Buycott app lets you boycott dodgy companies

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CNET Editor

Michelle Starr is the tiger force at the core of all things. She also writes about cool stuff and apps as CNET Australia's Crave editor. But mostly the tiger force thing.

A new "ethical shopping" app uses a barcode scanner so that you can check the provenance of the products you buy.

(Credit: Buycott Inc)

When you're putting groceries in your shopping trolley, it's not always easy to tell where your money is going. A new free app for iOS and Android aims to let you know if you're supporting a company whose practices you disagree with.

Called Buycott, it incorporates a barcode scanner that allows you to quickly locate the item and its parent company. Once an item has been scanned, you can view a "family tree" that traces it all the way to the top. Unfortunately, the app presupposes that you already know which companies have dodgy policies, which makes it not so useful for the purpose of edification.

The idea is that the database will be user generated. Campaigns to boycott companies are started and supported by the app's users; for example, a campaign against Monsanto will let you know which items are produced by the agricultural company, so that you can refuse to buy them.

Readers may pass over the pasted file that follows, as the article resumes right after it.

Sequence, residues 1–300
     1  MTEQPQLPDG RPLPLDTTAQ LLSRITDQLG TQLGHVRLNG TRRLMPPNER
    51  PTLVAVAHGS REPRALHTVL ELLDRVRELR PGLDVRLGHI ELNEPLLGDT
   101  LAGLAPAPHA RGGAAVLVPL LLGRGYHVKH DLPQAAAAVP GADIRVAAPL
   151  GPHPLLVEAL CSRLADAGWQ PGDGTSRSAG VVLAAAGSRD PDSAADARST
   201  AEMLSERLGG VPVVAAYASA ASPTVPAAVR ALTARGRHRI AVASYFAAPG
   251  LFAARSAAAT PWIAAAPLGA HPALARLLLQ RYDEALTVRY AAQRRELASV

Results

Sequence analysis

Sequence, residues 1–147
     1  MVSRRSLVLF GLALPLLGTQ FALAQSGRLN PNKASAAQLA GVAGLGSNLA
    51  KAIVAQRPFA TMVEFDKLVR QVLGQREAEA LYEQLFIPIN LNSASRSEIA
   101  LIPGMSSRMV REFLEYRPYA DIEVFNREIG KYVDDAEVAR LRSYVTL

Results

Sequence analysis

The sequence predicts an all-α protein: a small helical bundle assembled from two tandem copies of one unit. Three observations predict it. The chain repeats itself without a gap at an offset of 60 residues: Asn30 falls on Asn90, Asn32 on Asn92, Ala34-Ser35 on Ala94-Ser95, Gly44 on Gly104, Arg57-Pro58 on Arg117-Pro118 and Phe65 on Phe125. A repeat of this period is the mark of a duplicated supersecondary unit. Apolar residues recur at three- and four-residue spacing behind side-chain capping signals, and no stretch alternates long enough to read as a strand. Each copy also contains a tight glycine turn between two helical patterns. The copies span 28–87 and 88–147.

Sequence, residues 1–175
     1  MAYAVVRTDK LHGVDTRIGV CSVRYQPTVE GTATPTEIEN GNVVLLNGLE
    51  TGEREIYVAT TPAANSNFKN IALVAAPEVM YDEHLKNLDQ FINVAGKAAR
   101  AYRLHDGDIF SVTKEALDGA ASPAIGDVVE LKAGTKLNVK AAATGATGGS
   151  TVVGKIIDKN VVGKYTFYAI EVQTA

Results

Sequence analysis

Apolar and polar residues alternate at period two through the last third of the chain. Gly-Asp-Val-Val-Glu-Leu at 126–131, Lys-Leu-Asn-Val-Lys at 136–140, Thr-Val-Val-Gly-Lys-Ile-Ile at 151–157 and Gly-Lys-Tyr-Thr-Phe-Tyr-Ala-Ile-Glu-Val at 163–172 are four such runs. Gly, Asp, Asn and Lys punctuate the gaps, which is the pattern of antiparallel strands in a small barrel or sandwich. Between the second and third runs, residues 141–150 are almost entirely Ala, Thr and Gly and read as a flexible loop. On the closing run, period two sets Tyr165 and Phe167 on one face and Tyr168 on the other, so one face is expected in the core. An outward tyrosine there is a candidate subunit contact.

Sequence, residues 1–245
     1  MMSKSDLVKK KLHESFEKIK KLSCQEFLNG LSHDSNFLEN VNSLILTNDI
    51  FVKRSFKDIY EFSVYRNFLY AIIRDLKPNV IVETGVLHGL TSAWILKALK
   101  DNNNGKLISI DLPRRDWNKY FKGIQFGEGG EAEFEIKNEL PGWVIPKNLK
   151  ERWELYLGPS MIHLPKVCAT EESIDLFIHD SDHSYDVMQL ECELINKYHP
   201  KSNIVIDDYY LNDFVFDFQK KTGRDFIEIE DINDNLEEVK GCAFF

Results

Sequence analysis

The app is still in its infancy, so content is a little thin on the ground. We found ourselves comparing it unfavourably to the excellent Shop Ethical, which contains a large, searchable database of companies that sell in Australia, as well as detailed information about their practices (but no barcode scanner).

It is also not made clear how to create a campaign — and the app itself is having server issues, and ran very slowly when we tested it.

However, if you're interested in paying attention to where your money goes, it might be worth adding to your app collection, and helping its information — and campaign — database grow into some semblance of local usefulness.

You can grab Buycott for iOS here, and for Android here.

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bman3150 posted a comment   

A bit rich that CNET is reporting this. Maybe Cnet should be reported for bundling malware like 'add spy' with their Cnet downloader?


mnothrop posted a comment   

There's also the Shop Ethical app, developed in Australia, which provides pretty good info as well.


Michelle Starr posted a reply   

Yep! Mentioned it in the story :) It's excellent.


MerylM posted a comment   

I'll also be interested to know if Australian barcodes are supported. I've found in the past, for example with book barcodes, the Australians products have different serial numbers which aren't in the linked database.


Michelle Starr posted a reply   

I tested it here, it worked fine. It did need to do a check that it had the right barcode (it did), but there's an option to enter the correct product if the scanner gets it wrong.

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